I had to stop for cash on my way out of Brooklyn since I think EZPass canceled my account owing to some unpaid tickets. “Your tag comes up as invalid,” the cop had told me at the toll on my way into the city. Whoops. If I wanted to get through the Midtown Tunnel, I’d have to do it the hard way, so I swung around to a gas station with my one functioning headlight, hit an ATM and sped down the familiar Routes 46 and 80 headed west to crash for the night in my former river valley, landing at around 1:30 and still taking some time to come down from the show, which I feel like I still haven’t really managed to do, my head a whirlwind of riffs, hugs from good friends and the most killer of times.
Posted in Reviews on October 20th, 2014 by JJ Koczan
It was madness, I tell you. Utter madness. Madness from which there was no escape, unless you went outside, which if you were me you didn’t want to do. A five-band Saturday night bill at Ralph’s Rock Diner in Worcester with Faces of Bayon — who as I understand it don’t literally run the place, but show up there often enough that one might get that impression — Clamfight and Wizard Eye up from Philly and Conclave, who as they put it were a “new band with the same old guys” opening, it was an evening to settle in and just let the steamroller run you down because, quite frankly, it was going to whether you wanted or not. Gwar, Life of Agony and a bunch of other bands were playing at The Palladium down the way, and that probably had some impact on the overall draw, but people came upstairs and milled about the venue throughout the night, a birthday party downstairs and balloons with “Over The Hill” on them getting a chuckle out of me on my way by.
Ralph’s at this point I consider to be a pretty well kept secret. I’ve yet to see a band there and not have the sound hold up. The room is open, the ceiling high enough to let amps breathe, the stage is the right height for it. There are stools at the bar if you want to take a load off for a minute, and the lighting — though it can change from band to band — is better than every room I’ve been to in Boston save perhaps for the Middle East Downstairs, which is also a venue that holds at least three times as many people. Were Worcester a more major urban center, Ralph’s is probably the kind of place people from elsewhere would’ve heard of, a spot that could be in league with Brooklyn’s The Acheron if not the Vitus bar, or someplace like Johnny Brenda‘s in Philly, minus the balcony. I dig it, in other words, and enjoy seeing bands there. For being maybe 75 minutes from me where Boston is about an hour and Providence about 45 minutes, I’ve so far found it’s worth the trip.
The flyer said five bucks for five bands. I paid seven as the door and it should’ve cost more than twice that. Here’s how this one went down:
As I understand it, it was Conclave‘s second show, but true to their “same old guys” declaration, the members of the band have been around. Bassist/vocalist Jerry Orne counts the due-for-a-reunion Warhorse in his pedigree, and guitarist Jeremy Kibort is his bandmate in once-and-again death metallers Desolate. Completed by drummer Dan Blomquist, Conclave played doom like death metallers often do. Even before you get to harsh vocals or anything like that, you can hear it in the precision of the changes, in some of the angularity of their approach. Blomquist‘s kit and Kibort‘s guitar were a dead giveaway, but for being a new band, they clearly knew their way around a doom riff, and it was easy to get a sense of the balance of harshness and groove they were shooting for, the lack of pretense at the heart of their presentation, and their penchant for periodically working in faster tempo shifts, as on “Walk the Earth (No Longer)” or the set closer “Black Lines,” which seems likely to also feature on their forthcoming debut EP, Breaking Ground. And so they were.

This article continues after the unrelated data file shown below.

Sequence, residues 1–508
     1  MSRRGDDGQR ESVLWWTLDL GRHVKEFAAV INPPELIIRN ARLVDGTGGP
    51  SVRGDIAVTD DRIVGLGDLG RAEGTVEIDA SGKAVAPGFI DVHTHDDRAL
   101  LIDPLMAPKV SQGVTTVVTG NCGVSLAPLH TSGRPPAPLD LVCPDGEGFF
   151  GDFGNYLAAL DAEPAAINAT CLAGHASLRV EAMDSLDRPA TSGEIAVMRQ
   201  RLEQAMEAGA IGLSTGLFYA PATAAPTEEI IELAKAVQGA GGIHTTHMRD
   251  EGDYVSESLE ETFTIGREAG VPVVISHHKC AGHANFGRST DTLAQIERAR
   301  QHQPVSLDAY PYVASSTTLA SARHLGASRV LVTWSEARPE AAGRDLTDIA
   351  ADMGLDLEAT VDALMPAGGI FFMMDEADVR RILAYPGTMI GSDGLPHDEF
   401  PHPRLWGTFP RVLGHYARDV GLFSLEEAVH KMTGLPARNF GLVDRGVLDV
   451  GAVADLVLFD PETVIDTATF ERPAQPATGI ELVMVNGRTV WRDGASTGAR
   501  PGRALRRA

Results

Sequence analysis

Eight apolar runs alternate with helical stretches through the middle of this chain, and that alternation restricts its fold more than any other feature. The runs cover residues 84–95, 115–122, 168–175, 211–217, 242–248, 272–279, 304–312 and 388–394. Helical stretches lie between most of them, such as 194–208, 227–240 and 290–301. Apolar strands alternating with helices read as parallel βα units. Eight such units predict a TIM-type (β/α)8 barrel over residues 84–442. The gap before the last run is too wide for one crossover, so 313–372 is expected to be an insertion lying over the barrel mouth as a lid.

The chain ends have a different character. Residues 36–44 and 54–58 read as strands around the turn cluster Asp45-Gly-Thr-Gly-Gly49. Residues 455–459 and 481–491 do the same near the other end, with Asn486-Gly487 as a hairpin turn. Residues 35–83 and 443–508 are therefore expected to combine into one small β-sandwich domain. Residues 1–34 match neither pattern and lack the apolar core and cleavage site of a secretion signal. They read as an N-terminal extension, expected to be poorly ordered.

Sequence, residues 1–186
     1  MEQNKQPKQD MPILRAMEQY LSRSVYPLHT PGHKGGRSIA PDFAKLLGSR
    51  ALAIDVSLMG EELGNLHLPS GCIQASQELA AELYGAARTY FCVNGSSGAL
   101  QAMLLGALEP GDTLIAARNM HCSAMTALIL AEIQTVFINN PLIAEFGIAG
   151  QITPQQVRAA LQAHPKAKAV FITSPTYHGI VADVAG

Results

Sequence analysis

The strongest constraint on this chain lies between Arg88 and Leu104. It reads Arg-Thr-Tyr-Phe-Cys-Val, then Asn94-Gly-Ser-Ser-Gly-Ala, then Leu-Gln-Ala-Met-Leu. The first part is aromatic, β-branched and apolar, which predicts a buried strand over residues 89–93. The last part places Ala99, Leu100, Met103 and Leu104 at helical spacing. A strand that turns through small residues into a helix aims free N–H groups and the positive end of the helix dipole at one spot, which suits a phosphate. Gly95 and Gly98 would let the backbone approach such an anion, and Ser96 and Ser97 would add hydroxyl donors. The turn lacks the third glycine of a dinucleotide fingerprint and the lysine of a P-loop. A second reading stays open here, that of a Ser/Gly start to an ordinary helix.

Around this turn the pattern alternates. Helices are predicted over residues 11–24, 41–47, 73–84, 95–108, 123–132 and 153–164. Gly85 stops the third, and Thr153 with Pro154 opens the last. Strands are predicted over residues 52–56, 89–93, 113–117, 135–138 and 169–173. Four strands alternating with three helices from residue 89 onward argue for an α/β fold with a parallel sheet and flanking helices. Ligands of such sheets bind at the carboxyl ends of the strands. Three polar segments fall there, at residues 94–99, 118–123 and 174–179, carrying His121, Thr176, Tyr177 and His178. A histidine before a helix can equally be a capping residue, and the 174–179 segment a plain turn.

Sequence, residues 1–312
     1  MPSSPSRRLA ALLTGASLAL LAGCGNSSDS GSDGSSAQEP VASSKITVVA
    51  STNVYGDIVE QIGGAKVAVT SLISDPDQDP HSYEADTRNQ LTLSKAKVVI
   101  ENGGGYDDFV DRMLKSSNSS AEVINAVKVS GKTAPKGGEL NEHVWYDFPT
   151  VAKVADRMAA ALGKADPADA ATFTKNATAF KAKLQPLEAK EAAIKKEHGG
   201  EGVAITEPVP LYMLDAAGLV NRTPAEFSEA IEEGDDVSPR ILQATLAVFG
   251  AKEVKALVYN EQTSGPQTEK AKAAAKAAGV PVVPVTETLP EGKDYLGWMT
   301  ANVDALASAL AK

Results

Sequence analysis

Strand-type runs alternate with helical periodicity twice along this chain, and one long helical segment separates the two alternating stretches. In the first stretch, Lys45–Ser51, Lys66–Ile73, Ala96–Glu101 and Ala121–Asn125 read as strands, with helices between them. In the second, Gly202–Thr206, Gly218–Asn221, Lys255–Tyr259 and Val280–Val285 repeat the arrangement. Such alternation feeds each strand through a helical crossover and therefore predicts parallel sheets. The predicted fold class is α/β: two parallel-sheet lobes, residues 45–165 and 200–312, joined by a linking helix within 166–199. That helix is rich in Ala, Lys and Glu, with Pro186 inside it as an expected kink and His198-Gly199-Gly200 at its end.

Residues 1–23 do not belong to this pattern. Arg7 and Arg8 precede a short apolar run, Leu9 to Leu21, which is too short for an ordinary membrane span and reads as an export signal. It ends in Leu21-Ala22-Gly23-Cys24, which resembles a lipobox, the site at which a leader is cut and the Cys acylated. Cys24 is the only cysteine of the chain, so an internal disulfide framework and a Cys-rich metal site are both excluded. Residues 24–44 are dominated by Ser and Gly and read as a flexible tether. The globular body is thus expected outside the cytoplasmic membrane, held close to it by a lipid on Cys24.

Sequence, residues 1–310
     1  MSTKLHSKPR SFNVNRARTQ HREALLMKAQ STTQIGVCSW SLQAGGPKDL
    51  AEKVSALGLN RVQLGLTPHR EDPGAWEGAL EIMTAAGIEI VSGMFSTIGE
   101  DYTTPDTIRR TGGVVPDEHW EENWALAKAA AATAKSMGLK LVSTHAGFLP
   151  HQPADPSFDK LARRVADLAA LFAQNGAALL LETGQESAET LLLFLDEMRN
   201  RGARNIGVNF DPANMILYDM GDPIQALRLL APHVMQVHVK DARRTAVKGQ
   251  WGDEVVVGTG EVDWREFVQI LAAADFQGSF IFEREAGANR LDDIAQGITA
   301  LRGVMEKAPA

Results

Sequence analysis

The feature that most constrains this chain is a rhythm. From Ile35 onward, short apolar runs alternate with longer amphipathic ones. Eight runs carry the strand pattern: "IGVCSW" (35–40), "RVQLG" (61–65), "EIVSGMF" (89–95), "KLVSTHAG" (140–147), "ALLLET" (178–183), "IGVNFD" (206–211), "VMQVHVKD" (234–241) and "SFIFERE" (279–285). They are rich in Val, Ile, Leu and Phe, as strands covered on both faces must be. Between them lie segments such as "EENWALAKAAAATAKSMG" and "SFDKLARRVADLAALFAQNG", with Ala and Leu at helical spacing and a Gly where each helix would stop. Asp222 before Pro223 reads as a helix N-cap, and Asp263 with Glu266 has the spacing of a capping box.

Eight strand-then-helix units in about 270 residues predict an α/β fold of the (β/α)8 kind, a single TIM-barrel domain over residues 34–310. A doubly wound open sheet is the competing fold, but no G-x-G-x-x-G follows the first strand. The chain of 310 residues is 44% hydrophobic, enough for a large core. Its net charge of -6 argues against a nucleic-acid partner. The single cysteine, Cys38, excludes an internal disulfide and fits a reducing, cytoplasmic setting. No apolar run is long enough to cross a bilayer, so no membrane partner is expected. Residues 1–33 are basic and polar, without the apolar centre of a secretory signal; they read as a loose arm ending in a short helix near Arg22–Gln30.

Bedroom Rehab Corporation
I wondered if it had been a month since the last time I saw Connecticut’s Bedroom Rehab Corporation while bassist/vocalist Adam Wujtewicz and drummer Meghan Killimade set up their gear. Yes, it had — just over a month, in fact. Still close enough that they were fresh on the brain, though. Their set had a couple new songs to go with “Basilosaurus” from their Red over Red debut long-player (review here). They’ll record in January, and I’ll look forward to what comes out of that for 2015, but the primary impression in watching them at Ralph’s, which is also where I first saw them over the summer, was much the same, in how completely their live show outclasses their studio material. They’ve got their work cut out for them in translating the energy they bring to the stage — the consuming, noisy sensibility in both of their approaches, the variety of tone and gruff vocals of Wujtewicz — but Justin Pizzoferrato, who also helmed the debut, should be able to capture it with the right balance of rawness and clarity. At Ralph’s, they were playing the second night of an NY/MA weekender with Clamfight and Wizard Eye, and it was clear the company they were keeping was pushing them to give it their all on stage.